Daily Dispatch 3/27/2019

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Daily Dispatch

March 27, 2019

Florida law seeks to ban sanctuary cities...there are no sanctuary cities in Florida

From s:

Senate Bill 168, and its sister legislation HB 527 in the House, would prevent municipalities from designating themselves as sanctuary cities — despite the fact that no sanctuary cities currently exist in the state of Florida. Nearly every municipality already shares information with federal immigration authorities, but the new bill would require local law enforcement to comply with federal requests to detain undocumented immigrants for potential deportation proceedings. Immigration activists worry that the bill will incentivize racial profiling and fracture the fragile trust between immigrant communities and local police.

The bill is the result of a backroom deal that, while requiring law enforcement to cooperate with federal authorities, has Florida opt out of the E-verify system that checks employment status. The reasons are pretty clear: The business community in Florida relies on undocumented workers, and does not want to be penalized for the practice.

“This is a tradeoff of business interests at the expense of immigrant communities,” Ida V. Eskamani, public policy director at the New Florida Majority, told reporters on a press call. “Our communities are being used as bargaining chips and it will have severe economic consequences.”

Philadelphia District Attorney Larry Krasner Creates New Office to Advise on Immigrant Defendants

If you are living in the United States as an immigrant, even as a permanent resident, a criminal conviction can get you deported. Over the last 20 years the range of crimes that make one deportable has expanded, and even low level offenses can now lead to removal proceedings. In Philadelphia, the DA’s office has looked for ways seek convictions without triggering deportation proceedings for low level crimes. The office has added a staff specialist named Caleb Arnold to handle this work.

The move is in line with under the progressive DA, who has made it a priority to examine the collateral consequences of criminal charges on defendants. During Krasner’s tenure, the DA’s office has also stopped charging low-level marijuana possession cases and no longer pursues prostitution charges against sex workers with fewer than two convictions.

After a press conference announcing their [Arnold's] hiring, Arnold has been toiling behind the scenes, , working with line prosecutors, and signing off on every case involving non-citizen defendants.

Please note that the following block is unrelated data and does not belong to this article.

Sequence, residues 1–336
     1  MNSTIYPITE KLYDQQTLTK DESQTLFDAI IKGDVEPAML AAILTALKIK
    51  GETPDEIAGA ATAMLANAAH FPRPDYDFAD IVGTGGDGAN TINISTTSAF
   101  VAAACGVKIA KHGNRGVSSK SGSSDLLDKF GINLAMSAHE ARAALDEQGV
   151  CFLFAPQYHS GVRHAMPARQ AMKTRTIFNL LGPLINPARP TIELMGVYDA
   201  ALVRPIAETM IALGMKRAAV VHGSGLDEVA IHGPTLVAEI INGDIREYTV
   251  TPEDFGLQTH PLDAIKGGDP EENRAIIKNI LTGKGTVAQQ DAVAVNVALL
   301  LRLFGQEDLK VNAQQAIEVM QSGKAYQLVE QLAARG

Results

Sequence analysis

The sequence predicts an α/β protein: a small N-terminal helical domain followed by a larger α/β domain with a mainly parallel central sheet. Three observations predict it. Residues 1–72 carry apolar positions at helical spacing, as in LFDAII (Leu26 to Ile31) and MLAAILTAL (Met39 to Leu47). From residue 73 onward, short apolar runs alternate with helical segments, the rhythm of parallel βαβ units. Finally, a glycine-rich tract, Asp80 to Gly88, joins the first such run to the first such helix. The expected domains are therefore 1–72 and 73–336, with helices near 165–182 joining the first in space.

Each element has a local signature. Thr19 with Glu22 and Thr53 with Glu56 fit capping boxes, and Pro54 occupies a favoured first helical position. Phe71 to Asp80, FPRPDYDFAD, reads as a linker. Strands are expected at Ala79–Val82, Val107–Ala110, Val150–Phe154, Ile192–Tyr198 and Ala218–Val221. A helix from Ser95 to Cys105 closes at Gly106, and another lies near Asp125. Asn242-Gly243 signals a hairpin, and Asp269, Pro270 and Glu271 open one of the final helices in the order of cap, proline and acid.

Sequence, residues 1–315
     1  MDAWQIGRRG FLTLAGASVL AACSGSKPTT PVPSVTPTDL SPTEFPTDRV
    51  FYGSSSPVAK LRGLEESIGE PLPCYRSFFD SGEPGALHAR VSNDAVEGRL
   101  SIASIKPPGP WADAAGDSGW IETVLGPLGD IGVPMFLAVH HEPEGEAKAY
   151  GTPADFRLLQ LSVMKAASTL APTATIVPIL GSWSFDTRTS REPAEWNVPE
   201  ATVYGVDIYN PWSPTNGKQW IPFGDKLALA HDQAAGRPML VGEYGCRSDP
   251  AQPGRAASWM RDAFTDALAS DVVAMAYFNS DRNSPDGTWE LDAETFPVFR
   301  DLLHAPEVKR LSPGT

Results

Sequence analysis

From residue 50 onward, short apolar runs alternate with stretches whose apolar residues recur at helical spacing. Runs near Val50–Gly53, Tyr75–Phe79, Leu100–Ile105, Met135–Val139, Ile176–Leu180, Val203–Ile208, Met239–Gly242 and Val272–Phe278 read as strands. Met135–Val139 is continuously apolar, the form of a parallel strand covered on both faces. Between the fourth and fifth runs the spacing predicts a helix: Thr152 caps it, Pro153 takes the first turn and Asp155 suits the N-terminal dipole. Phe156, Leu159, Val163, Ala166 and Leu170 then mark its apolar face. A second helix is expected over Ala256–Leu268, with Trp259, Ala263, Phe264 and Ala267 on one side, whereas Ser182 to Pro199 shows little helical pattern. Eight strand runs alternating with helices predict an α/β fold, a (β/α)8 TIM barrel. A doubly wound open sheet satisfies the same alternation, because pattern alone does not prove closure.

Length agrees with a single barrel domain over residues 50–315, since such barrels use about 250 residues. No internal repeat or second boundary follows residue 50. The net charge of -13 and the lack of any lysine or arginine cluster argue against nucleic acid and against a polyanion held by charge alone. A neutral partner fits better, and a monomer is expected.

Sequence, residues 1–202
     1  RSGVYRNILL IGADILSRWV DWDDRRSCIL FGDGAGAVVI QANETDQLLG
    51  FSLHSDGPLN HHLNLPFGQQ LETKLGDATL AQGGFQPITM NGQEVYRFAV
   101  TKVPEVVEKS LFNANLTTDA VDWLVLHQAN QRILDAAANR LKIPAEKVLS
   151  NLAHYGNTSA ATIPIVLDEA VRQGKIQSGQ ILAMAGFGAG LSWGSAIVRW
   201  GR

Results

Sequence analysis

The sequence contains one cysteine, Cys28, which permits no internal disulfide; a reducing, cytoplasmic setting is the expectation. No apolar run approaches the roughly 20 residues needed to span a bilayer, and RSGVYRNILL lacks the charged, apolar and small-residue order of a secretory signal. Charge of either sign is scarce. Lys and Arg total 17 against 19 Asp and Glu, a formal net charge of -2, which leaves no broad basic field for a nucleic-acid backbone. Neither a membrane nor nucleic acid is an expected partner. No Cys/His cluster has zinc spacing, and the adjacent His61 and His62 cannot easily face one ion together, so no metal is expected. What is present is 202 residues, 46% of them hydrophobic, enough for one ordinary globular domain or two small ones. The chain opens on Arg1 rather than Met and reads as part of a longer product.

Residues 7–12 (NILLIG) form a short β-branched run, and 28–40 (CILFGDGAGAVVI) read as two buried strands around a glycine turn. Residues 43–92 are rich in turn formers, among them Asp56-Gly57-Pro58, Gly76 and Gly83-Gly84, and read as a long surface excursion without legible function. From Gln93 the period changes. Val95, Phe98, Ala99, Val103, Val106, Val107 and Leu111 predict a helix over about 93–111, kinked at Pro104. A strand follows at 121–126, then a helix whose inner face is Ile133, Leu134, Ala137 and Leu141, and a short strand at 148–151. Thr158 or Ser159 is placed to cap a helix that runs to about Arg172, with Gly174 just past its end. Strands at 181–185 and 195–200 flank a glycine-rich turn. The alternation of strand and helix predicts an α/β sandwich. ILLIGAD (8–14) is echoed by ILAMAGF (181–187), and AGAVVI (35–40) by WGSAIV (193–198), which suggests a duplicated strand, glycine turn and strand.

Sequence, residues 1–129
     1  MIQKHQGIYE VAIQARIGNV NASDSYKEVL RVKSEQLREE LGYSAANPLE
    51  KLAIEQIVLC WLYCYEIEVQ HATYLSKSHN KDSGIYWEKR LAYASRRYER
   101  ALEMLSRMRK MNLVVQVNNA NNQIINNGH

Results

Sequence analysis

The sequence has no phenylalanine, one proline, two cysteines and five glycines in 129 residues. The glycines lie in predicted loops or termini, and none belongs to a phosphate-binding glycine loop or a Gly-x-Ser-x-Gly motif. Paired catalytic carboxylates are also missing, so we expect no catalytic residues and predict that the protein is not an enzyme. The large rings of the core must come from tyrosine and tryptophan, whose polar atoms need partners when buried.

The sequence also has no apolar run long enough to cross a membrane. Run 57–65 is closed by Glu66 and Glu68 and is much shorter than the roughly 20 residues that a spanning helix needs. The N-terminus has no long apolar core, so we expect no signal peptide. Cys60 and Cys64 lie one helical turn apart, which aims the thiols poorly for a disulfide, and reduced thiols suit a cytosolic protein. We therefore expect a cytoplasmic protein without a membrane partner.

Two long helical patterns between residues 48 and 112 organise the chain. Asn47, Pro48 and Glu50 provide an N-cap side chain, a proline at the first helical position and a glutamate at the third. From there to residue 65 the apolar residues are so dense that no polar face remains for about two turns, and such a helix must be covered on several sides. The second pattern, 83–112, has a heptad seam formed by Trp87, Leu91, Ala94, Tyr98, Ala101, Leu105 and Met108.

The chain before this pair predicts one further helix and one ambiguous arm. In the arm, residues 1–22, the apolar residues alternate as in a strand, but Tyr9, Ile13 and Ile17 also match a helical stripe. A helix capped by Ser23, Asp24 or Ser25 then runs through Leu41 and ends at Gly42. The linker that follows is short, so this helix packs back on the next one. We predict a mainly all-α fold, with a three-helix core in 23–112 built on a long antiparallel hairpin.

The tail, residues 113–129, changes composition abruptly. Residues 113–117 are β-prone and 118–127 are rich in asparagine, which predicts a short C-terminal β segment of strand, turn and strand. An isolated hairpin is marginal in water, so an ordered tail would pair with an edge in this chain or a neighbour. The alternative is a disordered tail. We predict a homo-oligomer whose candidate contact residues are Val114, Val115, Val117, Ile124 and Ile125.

In their first year on the job, Arnold said they consulted on around 300 cases and recommended changing plea deals in 120 of them. The remaining cases are either still open, had no immigration consequence, or were too serious to change. Arnold does not consider high-level offenses, such as homicides and sex crimes.

Arnold’s work involves using a sliding scale of discretion, weighing an immigrant’s time in the United States, dependent family members, and criminal records in deciding whether to intervene.

Read the full story.

Some more state and local stories

local police officers to participate in 287(g) agreements around the country - a program under which local police enforce federal immigration law directly.

As several counties in North Carolina have begun resisting cooperation with ICE, ICE responded by ramping up raids in those counties. The tensions have escalated in North Carolina as a result. In that context, an op-ed appeared yesterday in the, highlighting the long-term benefits of immigration for North Carolina.

joins a dozen other states and D.C. in issuing drivers licenses regardless of immigration status.

Last week, a school board passed a resolution declaring itself a “Safe and Welcoming School District” that “shall do everything in its lawful power to … ensure that our students’ learning environments are not disrupted by immigration enforcement actions.” This was too much for two Ohio Republicans, who quickly introduced legislation banning “sanctuary” school districts and forbidding an locality from impeding an employee’s cooperation with Federal immigration enforcement actions.